Finally, Jesus is the saving king.

     Jesus was derided by the bystanders. “If you are the King of the Jews save yourself…save yourself and us.” But if he had saved himself, he couldn’t have saved us. The Cross was the very instrument of salvation.

      Notice the King’s interaction with the thieves crucified on either side of him. One of the thieves kept deriding him and saying, “Aren’t you the Messiah? Save yourself and us!” But the other criminal said, “Don’t you fear God, since you are under the same sentence of condemnation? We are getting what we deserve for our deeds. But this man has done nothing wrong.” This man was a criminal, but he had spiritual insight. He rightly judged himself as guilty, and Jesus as innocent. Somehow he believed that Jesus could save him. “Jesus, remember me when you come into your Kingdom.” Jesus did that and more. Then and there Jesus saved him from condemnation and promised to bring him into heaven. “Truly I tell you, today you will be with me in Paradise.” We’re not told what happened to the thief who derided Jesus. But we can presume that he entered eternity unsaved.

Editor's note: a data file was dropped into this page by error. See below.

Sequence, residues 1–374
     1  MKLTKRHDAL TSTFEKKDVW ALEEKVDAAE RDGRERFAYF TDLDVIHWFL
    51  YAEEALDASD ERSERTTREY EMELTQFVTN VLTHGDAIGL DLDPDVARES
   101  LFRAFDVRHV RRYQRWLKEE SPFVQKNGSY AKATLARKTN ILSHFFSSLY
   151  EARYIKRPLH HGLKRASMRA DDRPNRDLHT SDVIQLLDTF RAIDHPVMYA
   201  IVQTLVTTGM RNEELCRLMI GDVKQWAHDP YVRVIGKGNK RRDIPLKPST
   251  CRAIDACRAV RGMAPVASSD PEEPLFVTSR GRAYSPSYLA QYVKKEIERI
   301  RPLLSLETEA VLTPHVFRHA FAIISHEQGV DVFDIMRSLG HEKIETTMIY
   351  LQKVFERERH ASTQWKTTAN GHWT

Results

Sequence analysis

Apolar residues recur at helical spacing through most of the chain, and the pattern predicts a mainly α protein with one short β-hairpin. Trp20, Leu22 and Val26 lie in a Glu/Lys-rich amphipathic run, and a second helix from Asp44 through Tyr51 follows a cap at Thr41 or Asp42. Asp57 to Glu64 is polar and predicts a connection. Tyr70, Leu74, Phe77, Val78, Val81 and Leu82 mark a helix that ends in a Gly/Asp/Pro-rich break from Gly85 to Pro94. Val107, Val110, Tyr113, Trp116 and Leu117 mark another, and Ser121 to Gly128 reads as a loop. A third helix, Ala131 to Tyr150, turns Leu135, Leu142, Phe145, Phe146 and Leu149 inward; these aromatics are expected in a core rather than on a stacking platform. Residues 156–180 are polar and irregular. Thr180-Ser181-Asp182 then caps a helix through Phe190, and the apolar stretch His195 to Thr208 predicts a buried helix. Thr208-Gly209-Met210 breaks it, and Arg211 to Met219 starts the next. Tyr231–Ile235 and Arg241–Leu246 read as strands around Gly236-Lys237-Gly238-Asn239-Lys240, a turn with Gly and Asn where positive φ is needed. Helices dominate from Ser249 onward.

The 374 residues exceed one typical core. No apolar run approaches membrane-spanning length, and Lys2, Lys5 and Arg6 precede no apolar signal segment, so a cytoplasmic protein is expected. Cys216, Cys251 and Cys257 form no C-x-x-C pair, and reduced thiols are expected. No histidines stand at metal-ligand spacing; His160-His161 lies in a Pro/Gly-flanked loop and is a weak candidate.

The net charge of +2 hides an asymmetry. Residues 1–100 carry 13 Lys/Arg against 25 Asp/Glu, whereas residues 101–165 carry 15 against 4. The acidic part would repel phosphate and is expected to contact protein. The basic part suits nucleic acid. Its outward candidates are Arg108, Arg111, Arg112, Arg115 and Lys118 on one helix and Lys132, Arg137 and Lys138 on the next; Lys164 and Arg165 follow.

No, Jesus didn’t save himself, though he could have. Instead, he entrusted himself fully to his God and Father who can raise the dead. And so the Father did, on the third day. Now the Risen King saves everyone of us who responds to him with even a mustard seed of faith. There is now no condemnation for those who are in Christ Jesus the King.  

     Yes, Jesus is a most unusual King. He is the suffering King, the selfless King, the saving King. By God’s appointing he is King of all. He is King of creation. Enthrone him in your heart. Name him as your King. Live as his faithful subject and don’t be afraid. This King has your back. He won’t let you go.  One day he shall call your name and say, “Truly I tell you, today you will be with me in Paradise.”